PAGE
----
You are here:

James N. Herron

Associate Professor of Pharmaceutical Chemistry and
Adjunct Associate Professor of Bioengineering

Jim Herron

B.S. University of Illinois, Urbana

Ph.D. University of Illinois, Urbana

Research

References

jherron@pharm.utah.edu

James Herron's Lab Page

James Herron's PubMed Literature Search

 

Biological Chemistry Program

Structural Immunology, Vaccines, Biosensors

Research

Our research program includes three different areas of investigation: (1) structure-function correlates of antigen-antibody complex formation; (2) biosensors and clinical diagnostics assays; and (3) targeted drug-delivery systems. A brief description of each of these is given below:

Structure-Function Correlates of Antigen-Antibody Complex Formation

The goal of this project is to understand antigen-antibody interactions at the molecular level. Our approach is to cross-correlate 3-dimensional structures obtained by X-ray crystallography with information obtained by other biophysical techniques such as fluorescence spectroscopy and calorimetry. By increasing our understanding of antigen-antibody interactions at the molecular level, we hope to comprehend how structural elements translate into the affinity and specificity of antigen-combining sites. Such mechanistic models should also facilitate the engineering of antibodies and related proteins for applications in clinical diagnostics, medical imaging and targeted drug delivery.

Biosensors and Clinical Diagnostics Assays

The goal of this project is to develop a new generation of clinical diagnostics assays that can be used in critical care or point-of-care settings. Our approach is based on planar waveguide biosensors that can selectively excite the fluorescence of molecules located within 100 nanometers of the surface of the waveguide. By immobilizing either antibodies or oligonucleotide probes to the surface of the waveguide, we can perform either immunoassays or nucleic acid hybridization assays with picomolar sensitivity in 5 minutes or less. Such assays are expected to replace the current generation of in vitro diagnostics (IVD) assays that are presently performed offsite in clinical chemistry laboratories.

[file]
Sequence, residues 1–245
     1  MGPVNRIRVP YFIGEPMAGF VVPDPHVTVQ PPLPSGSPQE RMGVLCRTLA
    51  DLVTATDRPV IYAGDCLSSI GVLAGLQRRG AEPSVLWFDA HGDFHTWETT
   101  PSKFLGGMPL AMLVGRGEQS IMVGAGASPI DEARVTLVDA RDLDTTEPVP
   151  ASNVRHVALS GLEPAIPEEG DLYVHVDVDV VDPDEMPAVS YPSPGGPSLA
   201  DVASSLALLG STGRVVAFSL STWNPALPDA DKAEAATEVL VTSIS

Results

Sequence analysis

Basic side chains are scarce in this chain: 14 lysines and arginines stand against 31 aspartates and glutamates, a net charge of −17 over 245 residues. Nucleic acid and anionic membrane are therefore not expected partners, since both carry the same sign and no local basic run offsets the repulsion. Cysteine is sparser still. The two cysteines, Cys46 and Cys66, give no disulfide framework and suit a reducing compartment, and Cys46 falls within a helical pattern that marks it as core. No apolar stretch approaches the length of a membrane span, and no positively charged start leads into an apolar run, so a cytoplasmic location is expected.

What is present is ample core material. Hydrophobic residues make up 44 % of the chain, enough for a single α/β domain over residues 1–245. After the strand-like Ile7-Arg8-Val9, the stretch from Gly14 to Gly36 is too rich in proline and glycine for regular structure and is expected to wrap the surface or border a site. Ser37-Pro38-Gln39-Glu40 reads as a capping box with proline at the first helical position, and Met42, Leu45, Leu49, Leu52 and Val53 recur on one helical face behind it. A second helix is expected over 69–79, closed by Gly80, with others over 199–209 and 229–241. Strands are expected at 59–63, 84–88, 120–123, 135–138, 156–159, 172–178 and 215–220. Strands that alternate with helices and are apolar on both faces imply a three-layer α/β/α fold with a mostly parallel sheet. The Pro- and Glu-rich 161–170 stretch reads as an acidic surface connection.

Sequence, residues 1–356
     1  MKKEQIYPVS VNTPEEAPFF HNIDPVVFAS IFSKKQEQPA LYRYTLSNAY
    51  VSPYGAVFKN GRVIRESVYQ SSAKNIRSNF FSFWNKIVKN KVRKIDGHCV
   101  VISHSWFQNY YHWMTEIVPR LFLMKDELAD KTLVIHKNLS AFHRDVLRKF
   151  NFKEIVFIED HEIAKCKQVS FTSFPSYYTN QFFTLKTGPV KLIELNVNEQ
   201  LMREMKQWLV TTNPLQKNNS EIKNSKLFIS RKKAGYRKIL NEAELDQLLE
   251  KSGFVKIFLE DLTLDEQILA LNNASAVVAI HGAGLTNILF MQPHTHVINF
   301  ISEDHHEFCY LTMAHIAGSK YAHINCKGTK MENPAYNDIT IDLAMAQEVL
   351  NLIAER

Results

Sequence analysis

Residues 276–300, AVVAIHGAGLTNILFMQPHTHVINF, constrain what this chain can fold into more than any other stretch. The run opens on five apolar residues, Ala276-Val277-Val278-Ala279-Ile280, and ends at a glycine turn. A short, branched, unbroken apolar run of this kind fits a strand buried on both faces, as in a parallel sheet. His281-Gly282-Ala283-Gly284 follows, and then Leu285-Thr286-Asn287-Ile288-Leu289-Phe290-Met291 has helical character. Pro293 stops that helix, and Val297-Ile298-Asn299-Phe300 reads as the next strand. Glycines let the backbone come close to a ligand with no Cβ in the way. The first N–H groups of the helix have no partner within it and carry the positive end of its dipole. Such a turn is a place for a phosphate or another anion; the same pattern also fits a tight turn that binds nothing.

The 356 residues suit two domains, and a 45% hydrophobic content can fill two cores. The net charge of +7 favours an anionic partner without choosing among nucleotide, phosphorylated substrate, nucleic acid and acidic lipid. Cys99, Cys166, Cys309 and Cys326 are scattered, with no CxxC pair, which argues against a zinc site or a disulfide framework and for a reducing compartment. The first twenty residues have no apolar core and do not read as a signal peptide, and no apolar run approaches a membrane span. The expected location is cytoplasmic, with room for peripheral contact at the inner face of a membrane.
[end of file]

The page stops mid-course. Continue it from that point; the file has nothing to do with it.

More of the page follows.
This technology should lead to a significant improvement in the detection and treatment of cardiovascular disease, cancer and sexually transmitted diseases. It may also help address national priorities in the containment of health care costs.

Targeted Drug-Delivery Systems

Drug-delivery systems are typically used to improve the efficacy and safety of drugs that are poorly absorbed or have a low therapeutic index. This approach has been fairly successful, resulting in drug products such as sustained-release formulations, transdermal patches, liposomes and other colloidal delivery systems. Recent advances in biotechnology have enabled a whole new generation of drug delivery systems in which the drug is targeted to a specific site using a recognition moiety such as an antibody. We are developing targeted delivery systems for autoimmune diseases such as type I diabetes, systemic lupus erythematosus (SLE) and multiple sclerosis (MS). In particular, we are developing antibodies that will specifically target the B and T lymphocytes that are implicated in these diseases. In addition, we are working on non-traditional vaccines for autoimmune disease and cancer.